Consider the story of a baseball hall of fame being built for itself in real time:
“For the first 115 years, the big old game was usually played by gentlemen with the highest moral fiber. Then, inexplicably, a gang of rappers descended on the scene, threatening the integrity of the sport.
Do we really think that people who have been playing in the Major League Baseball since the late 1980s have had sports skills together? Or does the period that increases the effectiveness of illicit drugs depend on technology rather than character? Mike Schmidt and the late Bob Gibson, both set up in Cooperstown a long time ago, are among those who know themselves well and have clear eyes if they try steroids very well on game days. rish could.
As I complete the American Baseball Writers Association’s 2022 ballot, the results will be announced on the MLB network on Tuesday night. Here is where I landed:
1. Barry Bonds
How will it affect the first (in alphabetical order) and godly, the main museum of the game of the four highly skilled players who are finding their 10th and final blow with the writers not to include the undisputed King of the House in his Plaque? Gallery? Unlike Hit King Pit Rose, who wasn’t there either, Bonds never received any punishment for using illegal PEDs, which was permanently banned.
2. Roger Clemens
The criminal partner of the bonds, so to speak, 1) two men were subjected to the same level of illegal PED investigation without ever being found guilty; 2) Clemens is probably the pitching equivalent of Bonds; and 3) this is the last shot of the Rocket here. No matter how he achieves it, he knows all the time.
3. Todd Xelton
The main controversy of the first base, a minor issue with the above two titles, is that he spent all of his home games at Coors Field, which is convenient for strikers. Still, Rocky has worked well enough to dispel such suspicions throughout his life (133 OPS + and a huge peak from 2000 to 2004).
4. Andrew Jones
If the central defender had retired after the 30-year season in 2007, he would probably have been out of that ballot and already in the hall. Instead, he fell off the cliff in the last five years after leaving the Jasurs; he is on the right track in his fifth year of fitness. I say, let’s respect his run before the cliff.
5. David Ortiz
If you put aside the problem of illegal PED (he just failed the 2003 survey, which should really be irrelevant for these purposes), you can look at his seasonal statistics and see if he can you may wonder if you deserve the desired seat on a maximum of 10 ballots. If you consider his postseason – a .289 / .404 / .543 line and three rings with the Red Sox – he should be a slam-dunk. According to Ryan Tibodaux’s observation, Ortiz is listed here as a player who can be selected.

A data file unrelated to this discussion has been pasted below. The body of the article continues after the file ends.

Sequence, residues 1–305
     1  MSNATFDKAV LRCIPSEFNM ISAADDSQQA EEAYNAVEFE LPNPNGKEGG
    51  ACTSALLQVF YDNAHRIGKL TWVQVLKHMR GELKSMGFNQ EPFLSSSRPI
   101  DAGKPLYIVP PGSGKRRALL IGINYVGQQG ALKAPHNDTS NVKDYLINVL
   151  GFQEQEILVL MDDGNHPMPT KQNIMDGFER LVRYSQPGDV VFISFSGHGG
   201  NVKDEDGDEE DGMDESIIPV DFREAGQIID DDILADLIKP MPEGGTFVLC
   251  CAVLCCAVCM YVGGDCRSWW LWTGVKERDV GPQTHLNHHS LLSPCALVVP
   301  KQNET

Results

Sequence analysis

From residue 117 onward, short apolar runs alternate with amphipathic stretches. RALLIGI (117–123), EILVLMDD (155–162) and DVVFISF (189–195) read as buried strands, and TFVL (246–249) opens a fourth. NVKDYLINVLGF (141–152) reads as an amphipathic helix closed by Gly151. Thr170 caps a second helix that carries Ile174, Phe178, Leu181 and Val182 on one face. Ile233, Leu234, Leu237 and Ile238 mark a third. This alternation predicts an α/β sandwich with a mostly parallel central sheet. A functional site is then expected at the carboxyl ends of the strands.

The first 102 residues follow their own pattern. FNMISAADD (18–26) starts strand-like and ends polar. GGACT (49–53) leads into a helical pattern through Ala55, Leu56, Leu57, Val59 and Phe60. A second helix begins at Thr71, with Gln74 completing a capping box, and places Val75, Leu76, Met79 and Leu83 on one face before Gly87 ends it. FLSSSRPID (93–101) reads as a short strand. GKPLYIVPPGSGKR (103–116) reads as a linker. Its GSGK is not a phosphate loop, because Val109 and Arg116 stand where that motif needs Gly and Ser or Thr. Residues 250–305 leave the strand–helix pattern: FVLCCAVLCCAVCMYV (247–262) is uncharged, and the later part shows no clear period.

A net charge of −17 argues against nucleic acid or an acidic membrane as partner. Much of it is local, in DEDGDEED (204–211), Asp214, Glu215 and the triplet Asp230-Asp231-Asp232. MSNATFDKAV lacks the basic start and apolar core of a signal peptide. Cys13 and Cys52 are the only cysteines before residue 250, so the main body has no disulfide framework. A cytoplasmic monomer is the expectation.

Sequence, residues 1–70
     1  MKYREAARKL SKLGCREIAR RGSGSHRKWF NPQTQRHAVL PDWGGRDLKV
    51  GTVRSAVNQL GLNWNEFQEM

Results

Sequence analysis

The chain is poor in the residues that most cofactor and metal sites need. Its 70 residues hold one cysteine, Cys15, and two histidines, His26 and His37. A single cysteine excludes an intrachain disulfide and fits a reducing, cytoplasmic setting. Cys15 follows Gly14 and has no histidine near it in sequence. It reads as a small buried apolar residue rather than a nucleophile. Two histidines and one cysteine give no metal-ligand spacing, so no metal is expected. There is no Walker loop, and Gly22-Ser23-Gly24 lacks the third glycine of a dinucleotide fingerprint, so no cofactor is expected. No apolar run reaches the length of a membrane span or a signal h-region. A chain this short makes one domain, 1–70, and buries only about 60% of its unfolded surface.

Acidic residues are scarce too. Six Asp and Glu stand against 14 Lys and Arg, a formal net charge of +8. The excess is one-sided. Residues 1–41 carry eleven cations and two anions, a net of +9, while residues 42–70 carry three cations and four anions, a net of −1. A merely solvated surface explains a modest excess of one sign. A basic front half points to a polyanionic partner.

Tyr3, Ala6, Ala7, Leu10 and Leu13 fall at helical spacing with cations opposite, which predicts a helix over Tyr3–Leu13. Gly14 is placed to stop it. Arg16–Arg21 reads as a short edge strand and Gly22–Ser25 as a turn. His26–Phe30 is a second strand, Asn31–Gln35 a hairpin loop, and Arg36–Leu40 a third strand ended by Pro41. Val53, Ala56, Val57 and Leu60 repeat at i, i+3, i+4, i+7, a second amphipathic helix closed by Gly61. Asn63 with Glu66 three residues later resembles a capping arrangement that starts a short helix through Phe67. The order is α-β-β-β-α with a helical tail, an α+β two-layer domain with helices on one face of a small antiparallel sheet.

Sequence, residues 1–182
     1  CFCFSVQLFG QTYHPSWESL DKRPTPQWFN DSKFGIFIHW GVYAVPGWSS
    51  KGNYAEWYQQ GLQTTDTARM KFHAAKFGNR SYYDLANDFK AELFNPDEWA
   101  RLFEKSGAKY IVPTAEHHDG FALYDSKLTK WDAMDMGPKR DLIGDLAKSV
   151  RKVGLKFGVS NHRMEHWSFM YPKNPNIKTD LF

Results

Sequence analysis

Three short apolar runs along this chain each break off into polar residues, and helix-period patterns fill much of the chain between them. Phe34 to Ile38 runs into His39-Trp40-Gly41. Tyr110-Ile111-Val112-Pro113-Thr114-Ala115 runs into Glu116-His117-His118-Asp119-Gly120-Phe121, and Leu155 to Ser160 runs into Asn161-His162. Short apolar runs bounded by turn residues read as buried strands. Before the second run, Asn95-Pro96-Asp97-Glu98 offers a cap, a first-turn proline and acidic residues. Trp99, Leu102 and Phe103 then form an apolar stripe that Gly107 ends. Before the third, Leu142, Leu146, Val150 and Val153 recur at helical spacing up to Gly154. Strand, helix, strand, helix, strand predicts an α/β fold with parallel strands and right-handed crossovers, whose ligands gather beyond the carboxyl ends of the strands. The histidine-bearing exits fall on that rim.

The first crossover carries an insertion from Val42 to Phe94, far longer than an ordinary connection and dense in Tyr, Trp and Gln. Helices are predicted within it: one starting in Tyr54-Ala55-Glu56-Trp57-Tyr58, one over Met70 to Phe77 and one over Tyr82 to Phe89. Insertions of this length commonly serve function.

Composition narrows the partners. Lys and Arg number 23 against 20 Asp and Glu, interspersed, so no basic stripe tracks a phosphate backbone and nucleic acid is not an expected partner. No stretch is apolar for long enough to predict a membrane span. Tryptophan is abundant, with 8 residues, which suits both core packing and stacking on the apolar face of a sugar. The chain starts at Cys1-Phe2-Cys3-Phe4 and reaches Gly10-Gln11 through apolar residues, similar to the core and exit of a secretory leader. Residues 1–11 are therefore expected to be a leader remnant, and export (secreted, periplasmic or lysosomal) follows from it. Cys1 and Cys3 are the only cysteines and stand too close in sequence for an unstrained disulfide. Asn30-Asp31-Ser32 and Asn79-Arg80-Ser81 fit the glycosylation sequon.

6. Menni Ramires
It’s a hall of fame, isn’t it? How many players in his era were more popular than Manny Being Manny? As one of the most successful and dramatic blows of his era, for good reason as well. As for his two disqualifications for violating baseball’s illegal PED protocols, well …
7. Alex Rodriguez
…. I would like to tell all the writers who complained that the Hall did not give instructions on how to deal with illegal PEDs that the Hall provided us with all the instructions we needed when it ran to invite retired Commissioner Bud Selig. Today’s period committee. Selig, as the owner of the Brewers, was found guilty of three counts of violating a collective agreement on baseball because he conspired with his colleagues at the manor to suppress free agency, a crime that did more harm than good. So A-Rod, who was found guilty only once, deserves my vote.
8. Scott Rolen
One of the best third baseman of his era on either side of the ball. It looks great for a fifth-year candidate to eventually enter.
9. Kurt Shilling
As much as I disagree with his defenders who claim he is a victim of “politics” – no principled conservative approves of his hateful messages – I no longer agree with my constituents who are punishing him for his poisoning. When he makes his final shot here, perhaps it will be reflected worse in the Hall than in him.
10. Semmi Sosa
A fourth member of the Last Chance group, he never managed to get into a serious controversy, partly because of suspicions of illegal PED and partly because a deep dive into components like his core percentage and protection doesn’t help. I support him because of his high peak from 1993 to 2002 and his good mood in the 1998 home pursuit.
Close calls: Andy Pettit and Gary Sheffield on my ballot last year went to make room for Big Papi and A-Rod. Maybe they’ll be back next year.
Kemada: At least four, and possibly five, of my 2023 ballots will go out of my choice, which could give Bobby Abreu, Mark Buerle, Jeff Kent and Billy Wagner a decent opinion?